Wednesday, April 10, marked a very important deadline for lawmakers in Columbia. The date marks the 2019 legislative session’s crossover deadline.
Essentially, what it means is if a bill hasn’t passed out of one body of the General Assembly by that date, its chances of passing this year are slim.
More than 2000 bills have been filed the 2019 legislative session, that address everything from reforming the state’s education system to banning abortion.
But at this point only about 600 have been passed out of its originating body.
The bills coming out of the SC House include a massive education reform bill and a tobacco bill aimed at teenagers. Both were passed well before the crossover date.
Representative Beth Bernstein of Richland County filed that vaping bill, which limits access to e-cigarettes for teens.
“It will prevent teens from going into vape shops and purchase vaping products. It prevents anyone from using these products on school grounds.”
Most bills go through an intense vetting process before the bill makes it to the State House floor, but lawmakers wasted no time making sure a bill that requires illuminated signs for Uber and Lyft drivers beat the crossover date. The bill was filed after the murder of college student Samantha Josephson, who allegedly got into a vehicle she thought was an Uber.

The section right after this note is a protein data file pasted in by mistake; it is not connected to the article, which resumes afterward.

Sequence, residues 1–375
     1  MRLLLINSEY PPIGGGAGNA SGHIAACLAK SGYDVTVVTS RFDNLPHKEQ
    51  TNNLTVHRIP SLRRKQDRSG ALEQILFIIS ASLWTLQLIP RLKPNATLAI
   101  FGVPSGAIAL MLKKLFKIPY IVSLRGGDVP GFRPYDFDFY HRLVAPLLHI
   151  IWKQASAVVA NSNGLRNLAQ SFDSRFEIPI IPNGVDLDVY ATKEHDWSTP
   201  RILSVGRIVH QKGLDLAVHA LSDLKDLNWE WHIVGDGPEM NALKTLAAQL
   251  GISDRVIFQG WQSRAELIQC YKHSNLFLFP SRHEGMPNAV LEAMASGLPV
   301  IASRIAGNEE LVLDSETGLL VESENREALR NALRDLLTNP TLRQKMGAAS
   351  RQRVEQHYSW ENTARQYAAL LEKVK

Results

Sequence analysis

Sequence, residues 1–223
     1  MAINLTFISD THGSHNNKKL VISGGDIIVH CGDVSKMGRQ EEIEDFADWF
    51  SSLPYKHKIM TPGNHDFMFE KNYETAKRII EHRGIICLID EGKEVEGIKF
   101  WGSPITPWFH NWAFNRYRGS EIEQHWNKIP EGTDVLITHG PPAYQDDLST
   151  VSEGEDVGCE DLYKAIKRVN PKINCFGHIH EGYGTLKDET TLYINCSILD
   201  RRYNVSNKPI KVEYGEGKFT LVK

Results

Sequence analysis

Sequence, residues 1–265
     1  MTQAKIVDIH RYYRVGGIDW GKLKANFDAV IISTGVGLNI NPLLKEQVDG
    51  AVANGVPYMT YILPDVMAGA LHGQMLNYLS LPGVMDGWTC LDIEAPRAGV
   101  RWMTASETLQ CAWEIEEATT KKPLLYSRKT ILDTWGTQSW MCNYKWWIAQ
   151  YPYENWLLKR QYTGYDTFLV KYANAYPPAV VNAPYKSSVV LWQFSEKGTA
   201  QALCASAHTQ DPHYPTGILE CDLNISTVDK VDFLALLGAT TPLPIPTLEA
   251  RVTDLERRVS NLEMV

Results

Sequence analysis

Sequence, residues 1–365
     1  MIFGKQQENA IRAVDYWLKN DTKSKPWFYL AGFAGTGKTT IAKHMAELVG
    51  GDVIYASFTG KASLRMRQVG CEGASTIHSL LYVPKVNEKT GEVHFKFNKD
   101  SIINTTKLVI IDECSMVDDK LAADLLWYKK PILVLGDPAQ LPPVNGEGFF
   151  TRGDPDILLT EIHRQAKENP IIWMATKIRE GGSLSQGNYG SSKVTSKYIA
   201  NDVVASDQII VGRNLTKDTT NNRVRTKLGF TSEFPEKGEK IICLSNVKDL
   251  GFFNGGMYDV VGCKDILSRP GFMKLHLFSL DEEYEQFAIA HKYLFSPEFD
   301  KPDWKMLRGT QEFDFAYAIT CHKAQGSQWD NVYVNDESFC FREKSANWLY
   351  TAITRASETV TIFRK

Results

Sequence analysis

Representative Seth Rose filed the bill. “We can’t prevent a maniac from doing something crazy, but as a lawmaker as a policy maker we can, and we should pass laws and regulations that make the likelihood of something like that happening less.”
Bills passed out of the Senate that state representatives will now have to vet include a ban on drones near military bases and a bill that increases how much a person can get if they were to sue the state in the case of death or injury.
Bernstein explained, “How it exists now does not compensate an injured person and the caps are very reasonable in how they’ve been increased.
The bill raises the cap from $300k to $500k for an individual and from $600k to $1 million for groups.
Members of the house and the senate now have 4 weeks to send the remaining bills through the committee and floor debate process.
The 2019 legislative session will conclude on the second Thursday in May.